It may seem that the way to escape from the lawn care trap is to have a meadow. Meadows are easier than lawns because they don’t need so much mowing and they don’t need fertilizing, liming, and watering. They do, however, take a while to get started and brought under control. If a regular lawn is left to go to seed and mowed infrequently, it will usually become a satisfactory meadow. Turning a wild or barren area into a decent meadow requires planting the desired species of grasses and can take a year or two. After the meadow is established, regular mowing will keep it attractive.
If a meadow is never mowed, it will gradually revert to tall weeds, then scrub and brambles, then small trees and thicket, and after a hundred years or so back to forest. That is the natural succession of land. More and more people prefer the informal look of a meadow, although it doesn’t fit in every neighborhood. At least not yet.
How to Start a Meadow
The secret of having a meadow near a house is to edge it with a neat border that is taller than grass with seed heads, at a height of about 2 1/2 feet. The border may be of low-growing shrubs such as spirea, bulmaidii, bush roses, tall hosta or small evergreens. Another technique is to keep a neatly mowed wide strip at the beginning of the meadow and around its edges, particularly along the driveway.
Establishing wildflowers in a meadow is complicated and requires choosing the right grass seed (a non-invasive, clump-type sheep fescue) and flowers suitable for the soil, exposure and climate. Turning the soil provides a better seed bed and regular watering or irrigation helps the wildflower seed germinate well. In this respect it is not much different from starting a new lawn.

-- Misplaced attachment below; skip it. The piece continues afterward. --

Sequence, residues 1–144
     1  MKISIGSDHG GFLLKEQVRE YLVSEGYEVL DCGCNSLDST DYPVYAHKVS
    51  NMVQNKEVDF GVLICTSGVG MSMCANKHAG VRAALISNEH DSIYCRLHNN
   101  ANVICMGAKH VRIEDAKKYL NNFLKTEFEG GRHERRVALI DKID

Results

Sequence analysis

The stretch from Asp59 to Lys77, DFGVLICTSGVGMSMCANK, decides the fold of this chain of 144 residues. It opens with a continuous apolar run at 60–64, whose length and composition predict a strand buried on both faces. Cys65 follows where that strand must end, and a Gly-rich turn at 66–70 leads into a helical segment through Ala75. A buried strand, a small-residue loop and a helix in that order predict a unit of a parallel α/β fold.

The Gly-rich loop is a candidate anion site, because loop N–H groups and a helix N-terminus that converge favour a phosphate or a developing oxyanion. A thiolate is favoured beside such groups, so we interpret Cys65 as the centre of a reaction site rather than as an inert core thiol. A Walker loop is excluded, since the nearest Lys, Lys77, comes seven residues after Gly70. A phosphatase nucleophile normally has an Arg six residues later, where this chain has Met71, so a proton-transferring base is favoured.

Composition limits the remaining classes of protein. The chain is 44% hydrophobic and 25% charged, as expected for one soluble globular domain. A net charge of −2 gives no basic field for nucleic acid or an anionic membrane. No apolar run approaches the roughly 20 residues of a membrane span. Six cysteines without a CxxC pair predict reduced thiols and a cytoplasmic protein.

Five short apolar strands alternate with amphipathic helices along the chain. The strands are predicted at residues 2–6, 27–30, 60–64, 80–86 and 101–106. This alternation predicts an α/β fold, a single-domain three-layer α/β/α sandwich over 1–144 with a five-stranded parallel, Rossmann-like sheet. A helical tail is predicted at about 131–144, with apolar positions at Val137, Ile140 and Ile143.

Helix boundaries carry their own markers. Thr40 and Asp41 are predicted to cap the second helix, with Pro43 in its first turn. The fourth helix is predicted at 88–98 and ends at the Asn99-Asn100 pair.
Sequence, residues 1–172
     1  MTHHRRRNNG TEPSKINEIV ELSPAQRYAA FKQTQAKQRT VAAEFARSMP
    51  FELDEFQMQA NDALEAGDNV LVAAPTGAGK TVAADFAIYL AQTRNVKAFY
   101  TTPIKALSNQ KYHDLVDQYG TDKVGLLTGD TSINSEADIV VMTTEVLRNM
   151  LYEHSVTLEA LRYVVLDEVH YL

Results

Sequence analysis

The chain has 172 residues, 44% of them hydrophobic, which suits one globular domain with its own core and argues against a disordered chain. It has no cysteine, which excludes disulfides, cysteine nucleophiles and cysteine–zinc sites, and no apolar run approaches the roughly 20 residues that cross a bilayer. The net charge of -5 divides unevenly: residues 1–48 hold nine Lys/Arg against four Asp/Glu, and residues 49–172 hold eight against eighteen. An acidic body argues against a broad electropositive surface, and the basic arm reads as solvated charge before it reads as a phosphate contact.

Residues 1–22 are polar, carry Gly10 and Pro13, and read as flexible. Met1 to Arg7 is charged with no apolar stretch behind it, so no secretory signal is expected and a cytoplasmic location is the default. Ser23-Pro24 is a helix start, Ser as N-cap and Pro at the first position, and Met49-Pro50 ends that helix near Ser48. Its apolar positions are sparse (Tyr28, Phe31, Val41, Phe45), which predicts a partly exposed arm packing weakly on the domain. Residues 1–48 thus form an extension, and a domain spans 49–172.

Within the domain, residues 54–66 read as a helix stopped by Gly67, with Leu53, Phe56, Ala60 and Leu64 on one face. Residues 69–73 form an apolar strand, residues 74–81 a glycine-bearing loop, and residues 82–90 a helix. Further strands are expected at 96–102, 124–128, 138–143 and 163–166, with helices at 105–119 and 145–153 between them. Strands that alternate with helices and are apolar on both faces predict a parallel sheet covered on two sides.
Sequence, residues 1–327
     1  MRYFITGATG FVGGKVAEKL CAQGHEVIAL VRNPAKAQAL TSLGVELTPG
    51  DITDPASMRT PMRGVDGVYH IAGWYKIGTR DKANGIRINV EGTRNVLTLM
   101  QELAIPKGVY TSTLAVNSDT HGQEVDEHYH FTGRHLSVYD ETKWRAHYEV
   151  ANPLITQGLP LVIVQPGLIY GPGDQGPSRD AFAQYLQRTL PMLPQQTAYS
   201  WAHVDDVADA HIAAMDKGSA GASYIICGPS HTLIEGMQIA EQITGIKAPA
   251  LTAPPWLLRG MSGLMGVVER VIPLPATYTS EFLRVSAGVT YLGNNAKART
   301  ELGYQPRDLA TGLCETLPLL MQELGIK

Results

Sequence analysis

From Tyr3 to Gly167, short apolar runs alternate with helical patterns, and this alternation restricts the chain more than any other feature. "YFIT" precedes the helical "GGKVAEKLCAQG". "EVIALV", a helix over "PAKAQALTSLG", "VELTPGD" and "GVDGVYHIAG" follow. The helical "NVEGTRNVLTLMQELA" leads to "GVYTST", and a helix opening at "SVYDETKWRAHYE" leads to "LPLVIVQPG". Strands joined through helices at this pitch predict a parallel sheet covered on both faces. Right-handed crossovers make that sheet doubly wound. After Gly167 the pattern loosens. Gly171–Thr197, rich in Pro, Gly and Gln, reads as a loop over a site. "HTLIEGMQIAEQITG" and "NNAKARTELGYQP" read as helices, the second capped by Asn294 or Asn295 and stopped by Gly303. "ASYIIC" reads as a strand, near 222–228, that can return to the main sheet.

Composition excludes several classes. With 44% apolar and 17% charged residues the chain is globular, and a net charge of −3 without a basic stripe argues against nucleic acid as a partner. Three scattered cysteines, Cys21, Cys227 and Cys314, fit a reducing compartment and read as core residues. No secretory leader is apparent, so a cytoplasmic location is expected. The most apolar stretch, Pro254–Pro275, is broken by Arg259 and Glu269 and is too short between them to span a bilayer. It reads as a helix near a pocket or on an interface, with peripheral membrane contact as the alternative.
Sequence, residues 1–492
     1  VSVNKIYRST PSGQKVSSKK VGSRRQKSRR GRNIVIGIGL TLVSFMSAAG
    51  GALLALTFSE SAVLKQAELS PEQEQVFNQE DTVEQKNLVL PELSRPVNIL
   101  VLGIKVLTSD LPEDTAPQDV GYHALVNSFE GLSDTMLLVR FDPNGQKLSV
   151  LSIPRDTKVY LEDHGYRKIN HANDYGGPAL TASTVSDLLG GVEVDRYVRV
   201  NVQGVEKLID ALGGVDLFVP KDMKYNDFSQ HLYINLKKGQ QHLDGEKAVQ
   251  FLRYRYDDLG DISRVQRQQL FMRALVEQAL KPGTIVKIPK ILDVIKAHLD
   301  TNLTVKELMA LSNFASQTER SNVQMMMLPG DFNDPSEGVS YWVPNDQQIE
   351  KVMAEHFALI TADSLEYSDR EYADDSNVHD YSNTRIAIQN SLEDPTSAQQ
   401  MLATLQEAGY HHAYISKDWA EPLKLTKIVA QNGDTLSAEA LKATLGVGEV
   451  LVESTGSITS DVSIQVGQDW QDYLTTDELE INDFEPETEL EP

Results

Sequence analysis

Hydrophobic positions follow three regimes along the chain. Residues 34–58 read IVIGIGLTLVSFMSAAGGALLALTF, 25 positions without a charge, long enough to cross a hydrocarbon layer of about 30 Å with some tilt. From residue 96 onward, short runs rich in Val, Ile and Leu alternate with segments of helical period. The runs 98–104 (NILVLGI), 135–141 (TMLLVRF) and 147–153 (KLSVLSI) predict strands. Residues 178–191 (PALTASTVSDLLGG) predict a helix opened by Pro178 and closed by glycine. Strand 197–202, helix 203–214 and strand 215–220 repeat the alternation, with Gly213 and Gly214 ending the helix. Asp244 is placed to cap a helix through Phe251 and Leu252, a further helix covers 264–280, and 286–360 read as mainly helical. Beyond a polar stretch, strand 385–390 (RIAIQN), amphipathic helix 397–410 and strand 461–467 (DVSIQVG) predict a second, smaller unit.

The first year usually has the most flowers. Gradually they get crowded out by the stronger, bigger plants, and invasive grasses overpower the more delicate early flowers. This is especially true if the soil is rich and has barnyard grass seed in it. Most natural wildflower meadows exist because one or a few species do best in that soil, in that exposure. It is hard to approximate the ecosystem niches, but it’s worth a try.
Once established, wildflower meadows can be maintained by carefully timing the mowing schedule to favor the desired wildflower varieties. For instance, if spring wildflowers such as violets, Canada mayflower and ajuga are wanted, the field is not mowed until after they have flowered and gone to seed (about June 15 in the Boston area). If summer flowers such as daisies, black-eyed Susan, coreopsis and Queen Anne’s lace are wanted, then the field is mowed early, before these flowers bud (perhaps some time in May or early June). Then it is mowed again after they have finished flowering and gone to seed. This keeps down the later, taller plants such as goldenrod and aster that would otherwise crowd them out.
Micromanagement of wildflower meadows is an imperfectly understood science. Only experimentation can show which mowing dates favor which wildflowers. But a meadow that’s mowed occasionally is definitely less work than a conventional lawn, if you don’t mind the rustic look.